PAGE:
@fygsin has this more or less correct, but to expand on the answer:
This is long so TL:DR - In vitro = in glass - lab based measurements, not performed using real sunlight. Higher number = better protection. Tests measure absorbance of UV by the chemicals, not reflection.
UV is classified into 3 types of rays based on wavelength. Each subtype has, in general different characteristics on how it behaves, with UV-A (longest wavelengths) being considered the less damaging of the 3 and UV-C being the most damaging (shortest wavelengths). If you have ever seen a movie where they show a lab with blue lights glowing - those are the UV-C lamps used as sterilizing/germicidal lights in bio-containment. Basically you can think of it this way - shorter wavelength, more damage.
However, despite the damaging nature of UV-C, very little of it reaches us on the surface, almost all of it is absorbed by the atmosphere. On the other hand, almost all of UV-A reaches the surface, very little is absorbed by the atmosphere, but largely doesn't contribute to the reddening and burn of sunburn (it does to aging and invisible damage though) . UV-B is absorbed partially and primarily causes the reddening and pain you associate with sunburn.
Sunburn is actually really cool (figuratively) - it's your bodies response to radiation burns - actual physical damage to the DNA causes the living layer of skin cells to spontaneously kill themselves through a process known as "Apoptosis". As a result of this your body activates the immune system to clean up the debris from all those dead cells - this results in the swelling, redness and pain.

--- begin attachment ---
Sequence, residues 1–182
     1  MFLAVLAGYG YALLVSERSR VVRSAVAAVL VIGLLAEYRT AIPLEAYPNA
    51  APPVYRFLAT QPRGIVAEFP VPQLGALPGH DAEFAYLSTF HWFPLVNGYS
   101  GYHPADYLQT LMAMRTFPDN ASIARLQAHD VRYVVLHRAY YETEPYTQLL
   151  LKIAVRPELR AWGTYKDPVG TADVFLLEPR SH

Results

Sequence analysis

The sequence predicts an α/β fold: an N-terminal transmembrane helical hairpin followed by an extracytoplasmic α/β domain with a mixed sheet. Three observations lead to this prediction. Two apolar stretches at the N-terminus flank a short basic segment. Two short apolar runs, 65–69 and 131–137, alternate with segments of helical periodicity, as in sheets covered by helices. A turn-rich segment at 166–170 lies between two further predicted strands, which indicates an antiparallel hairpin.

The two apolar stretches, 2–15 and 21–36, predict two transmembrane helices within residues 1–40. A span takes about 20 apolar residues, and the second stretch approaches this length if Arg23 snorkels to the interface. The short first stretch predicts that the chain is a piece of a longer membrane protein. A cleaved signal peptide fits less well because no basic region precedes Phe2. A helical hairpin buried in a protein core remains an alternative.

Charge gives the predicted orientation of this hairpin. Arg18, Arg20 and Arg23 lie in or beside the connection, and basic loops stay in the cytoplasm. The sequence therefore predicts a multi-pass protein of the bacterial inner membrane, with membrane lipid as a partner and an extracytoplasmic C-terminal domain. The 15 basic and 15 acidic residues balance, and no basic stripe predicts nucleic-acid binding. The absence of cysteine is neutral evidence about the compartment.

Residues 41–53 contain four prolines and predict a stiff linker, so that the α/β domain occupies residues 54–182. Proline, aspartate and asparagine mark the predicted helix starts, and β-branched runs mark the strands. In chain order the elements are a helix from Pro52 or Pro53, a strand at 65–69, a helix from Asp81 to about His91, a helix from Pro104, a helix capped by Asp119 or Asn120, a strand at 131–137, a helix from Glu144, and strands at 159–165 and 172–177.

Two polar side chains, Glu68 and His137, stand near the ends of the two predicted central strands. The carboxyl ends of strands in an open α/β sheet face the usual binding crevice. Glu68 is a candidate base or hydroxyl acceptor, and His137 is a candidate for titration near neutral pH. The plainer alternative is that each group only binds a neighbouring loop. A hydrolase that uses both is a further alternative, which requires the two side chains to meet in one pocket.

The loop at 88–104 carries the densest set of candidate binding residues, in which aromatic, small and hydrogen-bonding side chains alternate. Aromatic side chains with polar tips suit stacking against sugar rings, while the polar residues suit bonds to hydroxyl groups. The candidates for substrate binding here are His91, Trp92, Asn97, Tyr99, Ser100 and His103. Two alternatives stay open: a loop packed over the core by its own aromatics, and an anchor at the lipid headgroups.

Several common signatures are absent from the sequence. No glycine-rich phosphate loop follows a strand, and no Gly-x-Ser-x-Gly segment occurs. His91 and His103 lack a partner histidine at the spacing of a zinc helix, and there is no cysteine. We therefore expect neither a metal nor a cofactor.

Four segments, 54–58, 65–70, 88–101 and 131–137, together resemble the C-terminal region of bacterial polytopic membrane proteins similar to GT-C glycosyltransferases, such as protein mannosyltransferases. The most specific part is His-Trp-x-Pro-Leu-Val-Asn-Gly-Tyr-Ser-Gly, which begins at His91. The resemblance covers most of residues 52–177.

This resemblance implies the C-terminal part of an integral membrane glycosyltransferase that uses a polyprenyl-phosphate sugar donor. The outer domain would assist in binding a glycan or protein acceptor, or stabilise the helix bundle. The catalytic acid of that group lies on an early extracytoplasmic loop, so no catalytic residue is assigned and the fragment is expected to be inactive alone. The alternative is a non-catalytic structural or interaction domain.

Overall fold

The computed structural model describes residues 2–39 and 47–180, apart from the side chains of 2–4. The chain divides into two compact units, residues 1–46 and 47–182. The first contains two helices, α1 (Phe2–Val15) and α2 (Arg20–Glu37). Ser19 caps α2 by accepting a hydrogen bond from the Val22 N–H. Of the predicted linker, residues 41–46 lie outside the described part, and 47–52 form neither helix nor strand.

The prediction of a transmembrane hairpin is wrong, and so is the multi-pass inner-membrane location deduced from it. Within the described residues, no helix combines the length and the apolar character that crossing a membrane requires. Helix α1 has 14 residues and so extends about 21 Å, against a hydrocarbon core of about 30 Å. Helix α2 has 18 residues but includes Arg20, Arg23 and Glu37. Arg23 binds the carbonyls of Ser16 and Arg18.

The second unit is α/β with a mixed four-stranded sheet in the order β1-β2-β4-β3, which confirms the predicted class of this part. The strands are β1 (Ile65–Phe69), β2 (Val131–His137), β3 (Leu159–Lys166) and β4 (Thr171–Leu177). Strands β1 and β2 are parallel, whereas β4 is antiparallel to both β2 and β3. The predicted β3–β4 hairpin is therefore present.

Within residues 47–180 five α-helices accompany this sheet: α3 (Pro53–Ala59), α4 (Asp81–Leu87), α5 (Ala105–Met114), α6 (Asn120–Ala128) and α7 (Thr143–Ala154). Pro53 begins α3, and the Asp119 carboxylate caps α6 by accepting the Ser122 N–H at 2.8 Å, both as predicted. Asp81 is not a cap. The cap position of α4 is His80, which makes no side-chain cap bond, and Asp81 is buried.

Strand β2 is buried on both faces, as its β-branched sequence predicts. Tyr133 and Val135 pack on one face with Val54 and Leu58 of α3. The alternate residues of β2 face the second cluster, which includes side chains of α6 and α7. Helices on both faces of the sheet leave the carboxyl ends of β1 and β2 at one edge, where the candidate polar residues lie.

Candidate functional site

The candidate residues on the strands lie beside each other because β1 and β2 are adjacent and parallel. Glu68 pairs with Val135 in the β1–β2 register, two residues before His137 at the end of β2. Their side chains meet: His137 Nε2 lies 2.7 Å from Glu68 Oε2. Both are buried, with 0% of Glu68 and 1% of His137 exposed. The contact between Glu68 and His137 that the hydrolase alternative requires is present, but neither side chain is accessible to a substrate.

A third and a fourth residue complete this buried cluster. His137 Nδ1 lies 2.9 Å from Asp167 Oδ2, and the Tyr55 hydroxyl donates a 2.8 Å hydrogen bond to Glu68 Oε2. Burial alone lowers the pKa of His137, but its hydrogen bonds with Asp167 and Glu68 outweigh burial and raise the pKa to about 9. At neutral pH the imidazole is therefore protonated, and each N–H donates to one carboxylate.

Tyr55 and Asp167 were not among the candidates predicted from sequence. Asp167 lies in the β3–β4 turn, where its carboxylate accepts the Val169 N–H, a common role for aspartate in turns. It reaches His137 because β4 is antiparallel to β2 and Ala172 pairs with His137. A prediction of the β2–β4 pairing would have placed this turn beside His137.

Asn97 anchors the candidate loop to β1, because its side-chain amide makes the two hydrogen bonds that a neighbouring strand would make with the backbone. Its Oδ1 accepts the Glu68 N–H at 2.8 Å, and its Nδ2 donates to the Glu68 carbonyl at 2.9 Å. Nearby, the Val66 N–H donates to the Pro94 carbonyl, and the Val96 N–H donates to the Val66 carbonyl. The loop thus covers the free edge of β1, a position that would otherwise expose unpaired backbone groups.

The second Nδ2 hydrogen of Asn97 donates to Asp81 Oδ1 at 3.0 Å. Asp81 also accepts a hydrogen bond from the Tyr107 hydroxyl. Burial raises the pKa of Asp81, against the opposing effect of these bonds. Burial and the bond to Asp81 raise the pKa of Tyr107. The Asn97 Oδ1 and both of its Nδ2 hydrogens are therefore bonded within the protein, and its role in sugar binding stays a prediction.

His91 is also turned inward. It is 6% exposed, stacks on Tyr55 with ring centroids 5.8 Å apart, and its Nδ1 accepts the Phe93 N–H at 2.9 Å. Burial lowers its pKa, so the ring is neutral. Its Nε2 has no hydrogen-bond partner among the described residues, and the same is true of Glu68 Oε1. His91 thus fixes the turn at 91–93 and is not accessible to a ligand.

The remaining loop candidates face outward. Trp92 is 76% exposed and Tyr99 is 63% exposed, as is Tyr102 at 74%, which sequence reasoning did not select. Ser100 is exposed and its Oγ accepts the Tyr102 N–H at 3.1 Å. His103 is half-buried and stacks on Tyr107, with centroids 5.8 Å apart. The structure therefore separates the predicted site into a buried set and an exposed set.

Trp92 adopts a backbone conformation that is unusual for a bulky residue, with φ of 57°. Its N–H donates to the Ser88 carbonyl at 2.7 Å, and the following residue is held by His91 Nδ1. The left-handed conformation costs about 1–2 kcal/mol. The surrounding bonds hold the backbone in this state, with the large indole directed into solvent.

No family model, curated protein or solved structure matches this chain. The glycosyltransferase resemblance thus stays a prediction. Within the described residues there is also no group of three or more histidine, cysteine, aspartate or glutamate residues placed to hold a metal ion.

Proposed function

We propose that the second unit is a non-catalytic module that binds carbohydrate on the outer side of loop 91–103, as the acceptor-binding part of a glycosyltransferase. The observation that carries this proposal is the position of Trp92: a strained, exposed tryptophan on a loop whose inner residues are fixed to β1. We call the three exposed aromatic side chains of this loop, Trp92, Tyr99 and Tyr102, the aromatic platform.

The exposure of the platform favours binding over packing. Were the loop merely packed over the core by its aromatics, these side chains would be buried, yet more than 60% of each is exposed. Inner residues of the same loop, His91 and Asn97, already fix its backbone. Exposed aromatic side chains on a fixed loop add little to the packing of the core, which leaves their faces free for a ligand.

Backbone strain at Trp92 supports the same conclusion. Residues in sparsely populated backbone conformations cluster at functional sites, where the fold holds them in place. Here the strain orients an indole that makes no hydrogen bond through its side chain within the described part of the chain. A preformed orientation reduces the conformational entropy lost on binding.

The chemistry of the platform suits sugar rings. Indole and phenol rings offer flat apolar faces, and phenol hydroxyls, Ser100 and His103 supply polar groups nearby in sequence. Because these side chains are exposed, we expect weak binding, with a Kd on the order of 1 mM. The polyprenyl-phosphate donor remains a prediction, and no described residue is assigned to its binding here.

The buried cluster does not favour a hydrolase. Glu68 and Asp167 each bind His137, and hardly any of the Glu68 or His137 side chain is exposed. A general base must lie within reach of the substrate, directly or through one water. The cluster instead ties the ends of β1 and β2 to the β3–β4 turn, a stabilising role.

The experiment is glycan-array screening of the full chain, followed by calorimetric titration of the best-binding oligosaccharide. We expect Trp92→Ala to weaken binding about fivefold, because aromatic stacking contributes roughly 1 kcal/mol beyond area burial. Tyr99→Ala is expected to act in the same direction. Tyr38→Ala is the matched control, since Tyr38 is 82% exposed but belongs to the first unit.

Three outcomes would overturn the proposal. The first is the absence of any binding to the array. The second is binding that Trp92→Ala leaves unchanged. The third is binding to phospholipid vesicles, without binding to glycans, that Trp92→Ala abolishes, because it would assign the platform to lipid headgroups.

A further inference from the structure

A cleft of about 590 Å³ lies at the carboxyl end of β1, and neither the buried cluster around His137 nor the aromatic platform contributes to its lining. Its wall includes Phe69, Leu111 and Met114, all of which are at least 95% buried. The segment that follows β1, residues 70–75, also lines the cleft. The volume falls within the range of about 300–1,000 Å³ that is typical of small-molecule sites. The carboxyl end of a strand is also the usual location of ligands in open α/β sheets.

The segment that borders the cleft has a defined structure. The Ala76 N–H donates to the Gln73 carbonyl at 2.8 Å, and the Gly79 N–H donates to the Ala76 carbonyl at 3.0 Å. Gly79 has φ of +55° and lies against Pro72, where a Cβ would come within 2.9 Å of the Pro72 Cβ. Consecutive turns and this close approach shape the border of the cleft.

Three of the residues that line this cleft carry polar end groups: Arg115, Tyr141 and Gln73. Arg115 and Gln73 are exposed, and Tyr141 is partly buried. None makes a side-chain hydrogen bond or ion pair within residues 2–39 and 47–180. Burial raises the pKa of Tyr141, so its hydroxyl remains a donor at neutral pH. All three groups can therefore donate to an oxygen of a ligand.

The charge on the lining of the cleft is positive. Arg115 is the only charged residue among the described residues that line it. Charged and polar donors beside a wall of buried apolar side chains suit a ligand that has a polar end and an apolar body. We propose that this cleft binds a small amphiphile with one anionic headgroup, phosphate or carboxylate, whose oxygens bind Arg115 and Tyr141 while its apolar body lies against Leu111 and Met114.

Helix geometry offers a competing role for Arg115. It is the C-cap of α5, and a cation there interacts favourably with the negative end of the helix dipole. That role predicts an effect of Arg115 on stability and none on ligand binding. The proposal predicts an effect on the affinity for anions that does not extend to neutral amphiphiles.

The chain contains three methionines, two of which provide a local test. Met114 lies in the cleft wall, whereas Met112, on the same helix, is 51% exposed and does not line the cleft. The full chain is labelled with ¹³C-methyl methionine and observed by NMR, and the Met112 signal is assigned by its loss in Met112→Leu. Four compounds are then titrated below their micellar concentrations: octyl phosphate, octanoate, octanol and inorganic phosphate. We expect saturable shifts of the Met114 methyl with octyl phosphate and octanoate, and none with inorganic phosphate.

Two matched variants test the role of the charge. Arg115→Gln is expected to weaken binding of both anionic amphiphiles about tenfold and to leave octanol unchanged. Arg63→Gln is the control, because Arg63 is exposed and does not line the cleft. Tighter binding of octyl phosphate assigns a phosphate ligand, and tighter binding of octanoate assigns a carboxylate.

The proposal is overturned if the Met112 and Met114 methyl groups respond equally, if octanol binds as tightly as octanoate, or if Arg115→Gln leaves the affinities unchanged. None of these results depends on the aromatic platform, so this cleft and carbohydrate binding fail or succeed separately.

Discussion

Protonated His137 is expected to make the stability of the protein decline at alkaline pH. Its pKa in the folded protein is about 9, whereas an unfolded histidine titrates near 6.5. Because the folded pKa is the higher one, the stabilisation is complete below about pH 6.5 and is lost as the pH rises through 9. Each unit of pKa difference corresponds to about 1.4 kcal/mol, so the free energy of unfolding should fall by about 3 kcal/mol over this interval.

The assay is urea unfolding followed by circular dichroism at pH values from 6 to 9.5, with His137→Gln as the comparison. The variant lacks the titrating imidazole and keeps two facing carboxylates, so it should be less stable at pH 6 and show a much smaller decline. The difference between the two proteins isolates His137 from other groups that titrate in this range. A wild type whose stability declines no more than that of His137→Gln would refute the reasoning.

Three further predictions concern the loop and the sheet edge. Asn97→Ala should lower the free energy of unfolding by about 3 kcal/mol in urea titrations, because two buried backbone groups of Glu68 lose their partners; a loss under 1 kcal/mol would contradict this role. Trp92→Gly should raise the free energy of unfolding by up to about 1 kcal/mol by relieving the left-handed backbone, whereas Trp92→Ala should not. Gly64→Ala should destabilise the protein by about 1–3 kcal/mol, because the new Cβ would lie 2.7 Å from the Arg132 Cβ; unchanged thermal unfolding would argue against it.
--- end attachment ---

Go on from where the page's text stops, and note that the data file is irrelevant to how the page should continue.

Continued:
Sunscreens are chemical compounds that are applied to the dead keratinized layer of skin on the outside. There the chemicals absorb into the dead layer and absorb the energy of the sun's rays.
Sunscreens typically target UV-B and generally do a pretty good job of blocking most UV-B wavelengths. If you have a sunscreen that states "Broad Spectrum" or something similar, it blocks both UV-B (decent blocking) and UV-A (generally partial block). The higher the number the greater the blocking ability.
However, you should note that numbers higher than about 50-70 are more or less meaningless as there's little evidence that higher amounts provide more meaningful protection. You should also note that a number like "106" is meaningless - the measurements are not precise enough to measure in units less than about 10. Yes, you can get measurements that will give you an average value of 106 (or any other number), but the precision is lacking to make it meaningful. I would be wary of any product that uses such numbers in advertising - it shows a fundamental lack of knowledge (at least by the marketing division) of how these things work and possibly a lack of actual science to back up their sun protection claims!
To further complicate things the tests for UV-A are not well defined and there isn't a general consensus on how to measure the protection/absorbance associated with UV-A, so different companies come up with different tests to measure the protection. Whether or not they are using the ISO standard linked in @fygsin's answer is another question.
Often these tests are in vitro (translates to "in glass") and means that they are performing experiments in the lab using a laboratory measure based on some absorbance factor. This might be a transmission/absorbance measurement (i.e. seeing how much comes through a defined thickness (pathlength) at a certain concentration, or it might be performed on cells grown in the laboratory - though this is sometimes is referred to as ex vivo (from life), and may be measured by activation of certain cellular pathways or any number of potential read-outs. Experiments performed on animals or human subjects are known as in vivo (in life).